Flying over the narrow Atlantic strait between Miami and Cuba, I couldn’t get Dragon’s “April Sun in Cuba” out of my head. “Castro in the alleyway, talking ‘bout missile love / Talking ‘bout JFK and how he shook him up”. I was now about to find out just what that talk had cost Cuba.
Cuba is only just starting to open itself to tourism. It has been going on in a small way for years, limited to a few select types of tourism, and sanctions still in place mean it can be very difficult to organise travel. And yet, they come. Tour companies advise that Cuba hotels are booked solid for 3 months in advance in the high season. However, the city is opening almost every door to every room for the chance for a few extra pesos to supplement the rations and black market goods that Cubans survive on. This is a country of endemic poverty, but of surprising richness of both spirit and culture. It’s still a backpackers dream, where buses cost a few cents, rum not much more, and you can sleep in someone’s spare room for less than $10 a night.
Experienced and more well-heeled travellers looking for a seamless experience will encounter hiccups but this is a country in a state of flux, where almost everything is regulated by the State, and where tourism infrastructure is still in its infancy. “Cuba is surprising” became our refrain, and it is so true, in both good ways and bad. But that is what makes Cuba Cuba, and every day is an adventure.
We travelled with the best arrangements possible for Cuba – wonderful guides and drivers, a 55 Chevy on call for us in Havana, and an Audi A6 for our longer touring. Whilst we took endless instagrammable shots of Oldsmobiles, Buicks and Chevys, the locals crowded around the Audi with awe.
Restaurants, bars, paladors and Casas Particulares (homestays or apartments) were all chosen for us, with enough flexibility for us to change our minds or ask for assistance as the whim took us, but we found that the recommendations made for us were generally exactly as we would have hoped. This all comes at a price far above the base cost, but for those who don’t care for backpacking, it’s worth every cent.
La Maison was a gorgeous French-style apartment taking the top two floors of an 18th century building with stunning Portuguese tiled floors, a rooftop terrace populated with doves and climbing bougainvillea, crisp-uniformed maids and an air of faded glory. The surrounding area was a little seedy but made for stunning street photography. Unfortunately my iphone was pickpocketed so many of mine will remain unseen.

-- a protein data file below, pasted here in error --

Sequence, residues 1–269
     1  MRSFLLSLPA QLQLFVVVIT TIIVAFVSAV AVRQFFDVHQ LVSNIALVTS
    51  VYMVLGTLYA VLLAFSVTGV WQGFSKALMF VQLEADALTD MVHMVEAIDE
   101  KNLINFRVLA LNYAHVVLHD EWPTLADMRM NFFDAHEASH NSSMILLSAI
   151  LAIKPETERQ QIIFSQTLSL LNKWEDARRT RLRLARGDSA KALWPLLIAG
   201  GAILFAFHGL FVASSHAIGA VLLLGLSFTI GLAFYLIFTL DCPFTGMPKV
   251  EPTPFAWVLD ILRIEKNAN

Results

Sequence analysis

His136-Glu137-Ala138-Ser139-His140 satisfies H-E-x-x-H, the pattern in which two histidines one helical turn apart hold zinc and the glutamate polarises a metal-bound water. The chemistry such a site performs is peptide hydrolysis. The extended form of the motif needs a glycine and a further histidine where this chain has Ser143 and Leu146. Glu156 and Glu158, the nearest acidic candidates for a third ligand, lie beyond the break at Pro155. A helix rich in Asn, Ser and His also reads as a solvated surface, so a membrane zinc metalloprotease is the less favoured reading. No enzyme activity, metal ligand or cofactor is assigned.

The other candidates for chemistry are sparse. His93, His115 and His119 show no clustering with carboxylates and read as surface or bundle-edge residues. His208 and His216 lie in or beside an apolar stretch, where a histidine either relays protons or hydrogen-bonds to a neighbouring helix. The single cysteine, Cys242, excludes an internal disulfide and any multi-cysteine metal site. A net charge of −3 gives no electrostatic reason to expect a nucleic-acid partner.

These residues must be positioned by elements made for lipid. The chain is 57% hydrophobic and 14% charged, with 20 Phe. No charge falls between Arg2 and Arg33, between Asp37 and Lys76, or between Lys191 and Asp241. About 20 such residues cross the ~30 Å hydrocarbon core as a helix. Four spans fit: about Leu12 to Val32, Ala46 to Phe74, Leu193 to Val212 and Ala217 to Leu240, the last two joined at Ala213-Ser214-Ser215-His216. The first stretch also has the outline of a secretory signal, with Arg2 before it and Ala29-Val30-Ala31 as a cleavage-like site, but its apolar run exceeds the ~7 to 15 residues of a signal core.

Our guide in Havana was Lien, a silken-haired, doe-eyed young woman of such beauty that traffic literally stopped wherever she was. She was there when we needed her and was responsible for some of our most memorable times in Havana – spending the evening on the rooftop of a crumbling bar with an amazing view of the city around us, going to an outdoor salsa club by the river under a full moon whilst the percussion and horns went crazy and the dance floor even more so. The Cubans can dance like no-one on this planet and if you get a chance to see them, and even better have enough confidence to join, you will have the night of your life.
We spent some time in Vinales, a lovely rural area dotted with limestone outcroppings like a land-based Halong Bay, where cowboys rode the streets and tobacco farms thrive – Cuban cigars are one of the country’s principal exports.
We stayed a little out of the pretty pastel town of Vinales in a homestay with sateen-Zebra printed frilly bedcovers and window-shatteringly loud air-conditioning. After some passably good tapas at the local bar (where a Pina Colada came Virgin, with an entire bottle of Havana Club to add to taste), we wandered back to our homestay and sat on the sun warmed roof of the adobe building on some rickety plastic chairs overlooking the valley with the clip-clop of horsecarts riding by, drinking Cristal beers and talking long into the night as shooting stars and fireflies flickered around us in the deepening dusk.
We visited the busy little port of Cienfuegos, with its gorgeous Spanish mansions. En route we stopped at the Bay of Pigs, the site of the disastrous US foray to (unsuccessfully) overthrow Castro’s regime. We snorkelled in crystal clear waters over a sunken wreck, strangely eerie in the dim blue light so deep below us. We holed up that night in Don Luis, a tiny local bar with exceptionally cold beers and exceptionally good mojitos, which although it seated only 5, ended up holding around 30 patrons when a local band started playing in the doorway. The dancing and singing spilled out onto the cobblestone street until well into the morning. Suffice to say that after a few mojitos, language is not a barrier.
We ended our trip in Trinidad, a hilltop town populated heavily by locals and tourists. During the day we hiked into the mountains and swam amongst butterflies in waterfalls, or took advantage of the cool retreat of our lovely Casa Particulares for a siesta. We stayed in Casa Amistad, owned by Oscar, a young interior designer and his partner Oriel and their two comical Pekingese dogs. The large airy rooms were set around a simple courtyard, lush with greenery and dotted with interesting artefacts.
Once the sun set, we would once again go wandering for music, dancing and mojitos. We did not have to wander far, for in a country where so little is otherwise available to the locals, they certainly manage to make do with what they have.